More than 40 years ago, city leaders in Fort Smith envisioned the benefits of sitting a landfill in the community. One wonders if they could have possibly imagined how great those benefits would prove to be.
In 1983, the city landfill began operations on 1,012 acres of land purchased from Fort Chaffee, which had declared approximately 6,000 of Fort Chaffee's 72,000 acres to be surplus. The remaining 66,000 were turned over to the Arkansas Army National Guard training facility. Use and redevelopment of the 6,000 surplus acres was left to the discretion of local community citizens and leaders. . In addition to processing household waste, the landfill engages in composting and methane gas management, which provide valuable resources to the community.
Today, the Fort Smith landfill is the largest in the state of Arkansas. It has been described as the envy of western Arkansas and eastern Oklahoma.
And because of Fort Smith’s exceptional foresight in the early days of the landfill’s development, its future will be even more beneficial than its past or present. Because the state of Arkansas is no longer permitting landfills, the size and capacity of the Fort Smith landfill ensures that it will be able to operate 50 years longer than any other landfill in the state.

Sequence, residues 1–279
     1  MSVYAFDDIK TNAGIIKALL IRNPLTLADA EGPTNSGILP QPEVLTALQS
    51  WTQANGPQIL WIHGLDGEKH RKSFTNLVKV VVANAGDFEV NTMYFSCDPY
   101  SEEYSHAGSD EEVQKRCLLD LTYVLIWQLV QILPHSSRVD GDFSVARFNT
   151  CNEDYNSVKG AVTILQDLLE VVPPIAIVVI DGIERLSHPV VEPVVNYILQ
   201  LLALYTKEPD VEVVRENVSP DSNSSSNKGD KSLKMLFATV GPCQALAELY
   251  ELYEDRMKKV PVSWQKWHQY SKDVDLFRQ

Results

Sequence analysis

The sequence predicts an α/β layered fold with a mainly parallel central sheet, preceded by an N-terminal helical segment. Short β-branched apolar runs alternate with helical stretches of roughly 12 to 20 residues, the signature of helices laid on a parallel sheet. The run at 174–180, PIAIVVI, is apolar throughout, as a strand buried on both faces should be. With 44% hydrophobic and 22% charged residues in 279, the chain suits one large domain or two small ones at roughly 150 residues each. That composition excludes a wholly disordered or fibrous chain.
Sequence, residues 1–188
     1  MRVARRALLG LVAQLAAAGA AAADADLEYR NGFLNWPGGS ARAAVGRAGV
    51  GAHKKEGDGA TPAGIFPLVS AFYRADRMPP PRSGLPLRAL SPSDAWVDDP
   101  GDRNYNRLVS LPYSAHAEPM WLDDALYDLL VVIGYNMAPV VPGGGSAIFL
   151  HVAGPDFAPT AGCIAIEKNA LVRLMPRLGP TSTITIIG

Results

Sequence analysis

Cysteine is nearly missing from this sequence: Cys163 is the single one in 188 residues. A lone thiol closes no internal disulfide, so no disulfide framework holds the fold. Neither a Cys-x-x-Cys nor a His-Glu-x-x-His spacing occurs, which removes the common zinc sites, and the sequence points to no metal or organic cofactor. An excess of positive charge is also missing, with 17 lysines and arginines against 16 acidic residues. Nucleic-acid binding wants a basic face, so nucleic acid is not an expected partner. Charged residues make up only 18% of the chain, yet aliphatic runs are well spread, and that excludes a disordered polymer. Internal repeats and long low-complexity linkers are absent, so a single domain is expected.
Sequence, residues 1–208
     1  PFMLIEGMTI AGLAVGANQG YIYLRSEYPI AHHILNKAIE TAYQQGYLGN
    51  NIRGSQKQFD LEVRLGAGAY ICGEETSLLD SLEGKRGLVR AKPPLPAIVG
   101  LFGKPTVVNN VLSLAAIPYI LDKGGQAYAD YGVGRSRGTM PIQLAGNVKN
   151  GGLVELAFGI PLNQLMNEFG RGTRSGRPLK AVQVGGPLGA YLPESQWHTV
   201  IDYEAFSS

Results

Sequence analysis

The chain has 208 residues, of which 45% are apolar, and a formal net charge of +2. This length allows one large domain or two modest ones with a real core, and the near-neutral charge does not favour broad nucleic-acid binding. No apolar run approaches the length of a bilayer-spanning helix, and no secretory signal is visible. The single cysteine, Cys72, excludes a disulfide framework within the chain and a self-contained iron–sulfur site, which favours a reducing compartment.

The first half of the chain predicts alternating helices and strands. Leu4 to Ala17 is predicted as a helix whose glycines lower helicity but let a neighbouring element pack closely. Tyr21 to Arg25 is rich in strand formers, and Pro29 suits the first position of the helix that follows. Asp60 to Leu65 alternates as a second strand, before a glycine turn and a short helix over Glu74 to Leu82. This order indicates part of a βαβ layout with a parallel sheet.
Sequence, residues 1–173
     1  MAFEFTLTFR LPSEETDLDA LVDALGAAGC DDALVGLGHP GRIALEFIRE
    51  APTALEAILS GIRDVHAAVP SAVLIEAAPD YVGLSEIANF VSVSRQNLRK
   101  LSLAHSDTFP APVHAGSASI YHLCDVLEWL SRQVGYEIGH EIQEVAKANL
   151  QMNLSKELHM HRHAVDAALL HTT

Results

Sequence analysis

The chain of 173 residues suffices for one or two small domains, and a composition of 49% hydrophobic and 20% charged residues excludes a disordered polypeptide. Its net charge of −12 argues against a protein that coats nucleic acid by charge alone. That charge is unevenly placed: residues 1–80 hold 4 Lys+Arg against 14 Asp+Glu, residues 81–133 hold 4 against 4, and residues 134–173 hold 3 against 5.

With an expected operational life of 65-plus years, the landfill sits on 1,012 acres and has a disposal capacity of more than 72 million cubic yards of waste and required soil cover material.
The landfill services customers in six Arkansas counties and in portions of two Oklahoma counties. An average of more than 400 vehicles bring more than 1,000 tons of trash to the landfill each day.
But the landfill does much more than just contain trash. The decomposition of waste produces methane gas, which Fort Smith is able to capture, process and re-sell through a private developer. And by capturing the methane gas, the department is able to avoid the release of pollutants into the air we breathe as well as generate revenue from the sale of the methane.
As other communities experience population explosions and grapple with how to handle their solid waste collection and disposal, Fort Smith has an enormous advantage of solid waste independence – made possible by the community, which owns and operates for most of this century.
What an amazing community asset! Fort Smith should be proud, just as we need to be resolute in taking care of this treasure and doing our part to keep it viable for as long as possible.
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